Trophy hunting is out of control in South Africa. 99% of the South African people want it banned now. Trophy hunting is being explotated by Asian gangs that see a lucrative market in the Rhino horn.
The main concern is the Rhinoceros (pronounced /raɪˈnɒsərəs/), often abbreviated as rhino. Organised gangs mainly from Asia are hunting down the Rhinoceros for a horn that has been proven not to be of any medicinal use. Only 3 out of the remaining 5 Rhinos are now left in the wild mainly in Africa.
A full census must be carried out on the Rhino to determine it’s population so conservation teams can plan its future too. Should the census not be carried out then one can not plan out an emergency conservation plan should we later find that the population is lower than has been over estimated by government.
Minister Molewa & Dr Jacob Zuma we call on you to now take action.
How do we define the word poaching?
“Poaching is the illegal taking of wild plants or animals; the law concerned may be e.g. the law of property or local or international conservation and wildlife management laws. Violations of hunting laws and regulations are normally punishable by law and, collectively, such violations are known as poaching.”
-“Community-based wildlife management” means the management of wildlife by acommunity or group of communities which has the right to manage the wildlife and to receive the benefits from that management;
-“Conservation” means the protection, maintenance, rehabilitation, restoration and enhancement of wildlife and includes the management of the use of wildlife to ensure the sustainability of such use;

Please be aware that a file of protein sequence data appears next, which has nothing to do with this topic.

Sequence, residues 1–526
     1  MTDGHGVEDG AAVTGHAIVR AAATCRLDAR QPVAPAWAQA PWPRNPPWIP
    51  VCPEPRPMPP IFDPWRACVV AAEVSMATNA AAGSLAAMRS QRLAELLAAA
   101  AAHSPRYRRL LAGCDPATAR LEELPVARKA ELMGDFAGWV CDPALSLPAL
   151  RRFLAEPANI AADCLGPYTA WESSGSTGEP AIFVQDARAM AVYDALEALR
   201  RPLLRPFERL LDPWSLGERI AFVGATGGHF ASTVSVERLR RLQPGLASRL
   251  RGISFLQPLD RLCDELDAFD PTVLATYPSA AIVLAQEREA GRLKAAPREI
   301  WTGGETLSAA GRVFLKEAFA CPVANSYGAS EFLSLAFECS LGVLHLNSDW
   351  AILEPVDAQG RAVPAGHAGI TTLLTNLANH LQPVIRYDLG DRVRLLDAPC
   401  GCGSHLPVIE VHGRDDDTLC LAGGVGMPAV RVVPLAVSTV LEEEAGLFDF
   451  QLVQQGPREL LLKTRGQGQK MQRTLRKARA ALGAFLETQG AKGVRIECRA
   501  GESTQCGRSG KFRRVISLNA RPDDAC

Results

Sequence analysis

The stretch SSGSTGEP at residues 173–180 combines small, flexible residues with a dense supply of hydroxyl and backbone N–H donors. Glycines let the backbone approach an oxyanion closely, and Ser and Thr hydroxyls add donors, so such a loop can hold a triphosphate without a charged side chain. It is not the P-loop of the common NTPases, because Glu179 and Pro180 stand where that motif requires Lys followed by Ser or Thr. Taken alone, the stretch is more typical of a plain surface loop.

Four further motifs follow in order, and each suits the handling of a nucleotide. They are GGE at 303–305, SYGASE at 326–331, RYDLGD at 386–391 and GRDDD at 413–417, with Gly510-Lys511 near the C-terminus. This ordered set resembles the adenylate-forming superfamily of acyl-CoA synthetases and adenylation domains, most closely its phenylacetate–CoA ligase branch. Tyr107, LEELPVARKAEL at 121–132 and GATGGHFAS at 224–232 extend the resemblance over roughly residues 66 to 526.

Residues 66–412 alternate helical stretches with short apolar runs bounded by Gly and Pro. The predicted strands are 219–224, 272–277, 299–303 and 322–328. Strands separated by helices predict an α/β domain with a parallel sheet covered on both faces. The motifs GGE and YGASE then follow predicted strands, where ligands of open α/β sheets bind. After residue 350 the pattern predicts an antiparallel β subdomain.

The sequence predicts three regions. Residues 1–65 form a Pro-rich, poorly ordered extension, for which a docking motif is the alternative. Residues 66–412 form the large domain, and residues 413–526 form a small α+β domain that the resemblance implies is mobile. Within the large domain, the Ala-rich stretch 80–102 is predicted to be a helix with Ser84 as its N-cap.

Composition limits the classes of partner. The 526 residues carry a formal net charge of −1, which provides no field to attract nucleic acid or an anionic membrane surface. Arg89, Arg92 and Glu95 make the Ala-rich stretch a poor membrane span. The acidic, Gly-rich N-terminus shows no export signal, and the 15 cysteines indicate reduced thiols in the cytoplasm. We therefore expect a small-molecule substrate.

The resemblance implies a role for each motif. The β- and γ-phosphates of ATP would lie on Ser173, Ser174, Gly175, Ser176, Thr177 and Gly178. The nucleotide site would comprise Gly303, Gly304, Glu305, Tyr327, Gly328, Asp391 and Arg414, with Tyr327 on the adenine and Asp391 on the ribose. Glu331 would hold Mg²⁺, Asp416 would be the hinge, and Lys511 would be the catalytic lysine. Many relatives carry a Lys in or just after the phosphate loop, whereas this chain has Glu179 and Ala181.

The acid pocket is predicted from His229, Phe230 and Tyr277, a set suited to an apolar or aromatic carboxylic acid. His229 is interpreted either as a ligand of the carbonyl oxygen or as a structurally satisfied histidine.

-“State Party” means a member of SADC that ratifies or accedes to this Protocol;
-“Sustainable use” means use in a way and at a rate that does not lead to the long-term decline of wildlife species;
-“Transfrontier conservation area”means the area or the component of a large ecological region that straddles the boundaries of two or more countries, encompassing one or more protected areas, as well as multiple resources use areas;
-“Taking” means the hunting, killing, injuring, capturing, harassing, collecting, picking, uprooting, digging up, cutting, destruction and removal of any species of wildlife and include any attempt to engage in such conduct;
-“Wildlife” means animal and plant species occurring within natural ecosystems and habitats;
What is CITES?
CITES (the Convention on International Trade in Endangered Species of Wild Fauna and Flora) is an international agreement between governments. Its aim is to ensure that international trade in specimens of wild animals and plants does not threaten their survival.
How CITES works
CITES works by subjecting international trade in specimens of selected species to certain controls. All import, export, re-export and introduction from the sea of species covered by the Convention has to be authorized through a licensing system. Each Party to the Convention must designate one or more Management Authorities in charge of administering that licensing system and one or more Scientific Authorities to advise them on the effects of trade on the status of the species.
The species covered by CITES are listed in three Appendices, according to the degree of protection they need. (For additional information on the number and type of species covered by the Convention click here.)
The violation of any of these laws constitutes to the illegal trade in the species or animal in our case. This is commonly known as poaching.
2.The Hunter-gatherer or forager
The San bushmen indigenous community of Southern Africa, whose territory spans most areas of South Africa, Zimbabwe, Lesotho, Mozambique, Swaziland, Botswana, Namibia, and Angola, are variously referred to as Bushmen, San, Sho, Barwa, Kung, or Khwe. As the term Bushmen is sometimes viewed as a pejorative, some prefer to be called the San people.[dubious – discuss] These people were traditionally hunter-gatherers, part of the Khoisan group and are related to the traditionally pastoral Khoikhoi.